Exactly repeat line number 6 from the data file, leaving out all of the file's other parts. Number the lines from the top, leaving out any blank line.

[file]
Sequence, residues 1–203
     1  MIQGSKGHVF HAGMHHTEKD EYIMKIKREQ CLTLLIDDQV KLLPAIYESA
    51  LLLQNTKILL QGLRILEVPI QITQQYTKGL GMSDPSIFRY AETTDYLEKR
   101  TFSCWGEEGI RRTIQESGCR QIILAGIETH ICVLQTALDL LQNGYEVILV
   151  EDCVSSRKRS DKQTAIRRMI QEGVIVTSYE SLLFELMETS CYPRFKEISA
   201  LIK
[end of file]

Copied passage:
   201  LIK